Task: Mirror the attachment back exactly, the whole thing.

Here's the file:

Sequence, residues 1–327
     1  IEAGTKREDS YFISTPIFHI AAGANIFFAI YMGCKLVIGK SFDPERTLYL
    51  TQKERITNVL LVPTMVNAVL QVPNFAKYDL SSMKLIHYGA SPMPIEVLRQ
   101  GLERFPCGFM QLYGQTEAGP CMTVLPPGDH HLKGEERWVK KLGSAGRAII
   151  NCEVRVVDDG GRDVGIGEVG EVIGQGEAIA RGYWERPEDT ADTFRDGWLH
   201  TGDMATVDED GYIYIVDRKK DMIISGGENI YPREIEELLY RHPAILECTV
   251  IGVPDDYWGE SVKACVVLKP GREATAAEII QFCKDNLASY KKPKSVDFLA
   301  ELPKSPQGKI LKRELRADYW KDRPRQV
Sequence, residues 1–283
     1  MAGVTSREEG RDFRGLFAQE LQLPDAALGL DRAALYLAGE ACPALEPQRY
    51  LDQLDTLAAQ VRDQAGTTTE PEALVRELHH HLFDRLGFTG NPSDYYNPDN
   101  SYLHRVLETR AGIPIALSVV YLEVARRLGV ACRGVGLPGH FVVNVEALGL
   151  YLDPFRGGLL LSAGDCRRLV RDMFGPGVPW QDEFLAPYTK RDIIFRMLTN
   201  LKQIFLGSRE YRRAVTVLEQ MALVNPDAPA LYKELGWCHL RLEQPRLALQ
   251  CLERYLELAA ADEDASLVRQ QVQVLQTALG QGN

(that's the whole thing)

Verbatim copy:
Sequence, residues 1–327
     1  IEAGTKREDS YFISTPIFHI AAGANIFFAI YMGCKLVIGK SFDPERTLYL
    51  TQKERITNVL LVPTMVNAVL QVPNFAKYDL SSMKLIHYGA SPMPIEVLRQ
   101  GLERFPCGFM QLYGQTEAGP CMTVLPPGDH HLKGEERWVK KLGSAGRAII
   151  NCEVRVVDDG GRDVGIGEVG EVIGQGEAIA RGYWERPEDT ADTFRDGWLH
   201  TGDMATVDED GYIYIVDRKK DMIISGGENI YPREIEELLY RHPAILECTV
   251  IGVPDDYWGE SVKACVVLKP GREATAAEII QFCKDNLASY KKPKSVDFLA
   301  ELPKSPQGKI LKRELRADYW KDRPRQV
Sequence, residues 1–283
     1  MAGVTSREEG RDFRGLFAQE LQLPDAALGL DRAALYLAGE ACPALEPQRY
    51  LDQLDTLAAQ VRDQAGTTTE PEALVRELHH HLFDRLGFTG NPSDYYNPDN
   101  SYLHRVLETR AGIPIALSVV YLEVARRLGV ACRGVGLPGH FVVNVEALGL
   151  YLDPFRGGLL LSAGDCRRLV RDMFGPGVPW QDEFLAPYTK RDIIFRMLTN
   201  LKQIFLGSRE YRRAVTVLEQ MALVNPDAPA LYKELGWCHL RLEQPRLALQ
   251  CLERYLELAA ADEDASLVRQ QVQVLQTALG QGN